Ross wrote:Not criticising, just curious, but why pay $80 to ride somewhere that you can ride any day of the week for free?
I guess people feel that financially supporting an organisation that seeks to improve their safety is something worth doing. They also had some closed road sections which is something different for a lot of people. I would guess that a mass participation ride would be a bit of a novelty for many of the participants as well, especially those who usually just commute or ride solo and don't do any bunch riding or racing.
It's the sort of event that I would do out of principle more than anything, unfortunately I was out of town on the weekend so I couldn't take part.
From the website
By participating in this ride and fundraising and/or donating you will be supporting an ACT cycle safety initiative, funded through the Amy Gillett Foundation's Cycle Safe Communities program. This will incorporate print and radio messages reminding both motorists and bicycle riders of their responsibilities in sharing the road
The fundraising objective of Amy's Big Canberra Bike Ride is to raise at least $25,000 to continue the expansion of Cycle Safe Communities. By taking part in this fantastic cycling experience and fundraising through your social and business networks you will help the Amy Gillett Foundation:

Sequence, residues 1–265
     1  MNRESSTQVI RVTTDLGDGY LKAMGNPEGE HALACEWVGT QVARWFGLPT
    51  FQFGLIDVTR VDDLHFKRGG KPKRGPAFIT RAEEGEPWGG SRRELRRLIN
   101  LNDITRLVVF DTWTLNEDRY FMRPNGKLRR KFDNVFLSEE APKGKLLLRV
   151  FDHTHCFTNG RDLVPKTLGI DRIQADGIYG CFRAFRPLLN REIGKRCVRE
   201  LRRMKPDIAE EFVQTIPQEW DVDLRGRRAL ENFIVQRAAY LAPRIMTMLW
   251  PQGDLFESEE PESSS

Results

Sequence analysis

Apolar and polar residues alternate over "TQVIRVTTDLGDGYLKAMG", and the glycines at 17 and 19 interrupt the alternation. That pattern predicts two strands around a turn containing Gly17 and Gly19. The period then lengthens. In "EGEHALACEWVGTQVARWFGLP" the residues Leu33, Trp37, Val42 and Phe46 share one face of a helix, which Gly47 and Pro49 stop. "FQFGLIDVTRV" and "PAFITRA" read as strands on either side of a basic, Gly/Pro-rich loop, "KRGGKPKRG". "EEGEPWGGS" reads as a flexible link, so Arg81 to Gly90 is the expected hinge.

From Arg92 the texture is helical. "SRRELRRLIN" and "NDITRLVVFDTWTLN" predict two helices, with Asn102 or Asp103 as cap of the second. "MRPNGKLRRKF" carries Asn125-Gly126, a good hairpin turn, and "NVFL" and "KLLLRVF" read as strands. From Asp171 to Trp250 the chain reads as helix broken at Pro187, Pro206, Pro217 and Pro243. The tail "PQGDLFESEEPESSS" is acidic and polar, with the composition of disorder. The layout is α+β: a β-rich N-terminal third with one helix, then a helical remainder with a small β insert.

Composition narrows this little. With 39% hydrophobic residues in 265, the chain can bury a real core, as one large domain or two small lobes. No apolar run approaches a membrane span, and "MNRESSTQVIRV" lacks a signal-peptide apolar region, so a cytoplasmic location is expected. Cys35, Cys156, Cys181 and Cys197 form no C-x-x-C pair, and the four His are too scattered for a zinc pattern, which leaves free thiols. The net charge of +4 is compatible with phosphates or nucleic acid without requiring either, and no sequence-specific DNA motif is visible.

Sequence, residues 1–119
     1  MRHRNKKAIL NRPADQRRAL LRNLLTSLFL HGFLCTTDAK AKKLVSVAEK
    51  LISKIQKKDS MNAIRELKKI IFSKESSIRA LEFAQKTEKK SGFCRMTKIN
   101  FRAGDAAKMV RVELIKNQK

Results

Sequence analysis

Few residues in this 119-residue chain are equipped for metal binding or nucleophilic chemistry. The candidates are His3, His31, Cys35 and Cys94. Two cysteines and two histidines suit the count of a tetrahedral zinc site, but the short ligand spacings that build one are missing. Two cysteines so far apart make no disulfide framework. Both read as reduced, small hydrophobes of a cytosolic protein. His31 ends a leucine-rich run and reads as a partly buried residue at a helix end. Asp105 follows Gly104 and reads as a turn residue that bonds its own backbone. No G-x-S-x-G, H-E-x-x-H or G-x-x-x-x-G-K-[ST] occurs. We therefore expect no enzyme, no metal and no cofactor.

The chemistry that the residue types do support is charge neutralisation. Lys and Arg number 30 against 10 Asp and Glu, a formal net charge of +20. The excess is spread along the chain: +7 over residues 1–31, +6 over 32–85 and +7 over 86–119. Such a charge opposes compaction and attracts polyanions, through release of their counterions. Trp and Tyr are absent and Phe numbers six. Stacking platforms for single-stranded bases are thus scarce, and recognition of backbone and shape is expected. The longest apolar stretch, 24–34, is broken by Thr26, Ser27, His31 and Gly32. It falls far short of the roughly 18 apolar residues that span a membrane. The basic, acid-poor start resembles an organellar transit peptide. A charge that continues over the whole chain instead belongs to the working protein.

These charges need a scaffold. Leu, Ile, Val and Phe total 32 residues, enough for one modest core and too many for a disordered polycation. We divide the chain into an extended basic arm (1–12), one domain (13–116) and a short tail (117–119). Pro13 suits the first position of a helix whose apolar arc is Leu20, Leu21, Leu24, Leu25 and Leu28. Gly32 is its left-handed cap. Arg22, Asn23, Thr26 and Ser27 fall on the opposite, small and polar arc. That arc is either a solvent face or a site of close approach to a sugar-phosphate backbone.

1. Work with authorities and road user safety groups to support the development of ACT based cycle-safety awareness programs drawing on work that has been done such as the Victorian “Sharing Roads and Paths” guide, and Drive Rules currently under development and due for completion in Q1 2014
2. increase driver awareness and education about sharing roads safely with bicycle riders through community-wide activation of “a metre matters” including radio across key AM and FM stations in Canberra to continue to create awareness for motorists to leave at least one metre and reminding all bicycle riders of their responsibilities
3. Advocate with peer cycling and safety organisations including Pedal Power for safer conditions (awareness, education, behaviour change including through road rules and licensing; reduced speeds in high ‘sharing’ environments; better on/off road bicycle networks and facilities) for bicycle riders – helping to create a truly bicycle friendly city and Territory.
Cycle Safe Communities at work - over 1,100 outdoor street signs installed creating mainstream awareness during March & April in Brisbane, Sydney and Melbourne with a dozen large format billboards at key locations around Australia!
Your financial support does help us make a tangible difference in increasing awareness leading to behaviour change! Thank-you to those that have donated or fundraised so far in 2013.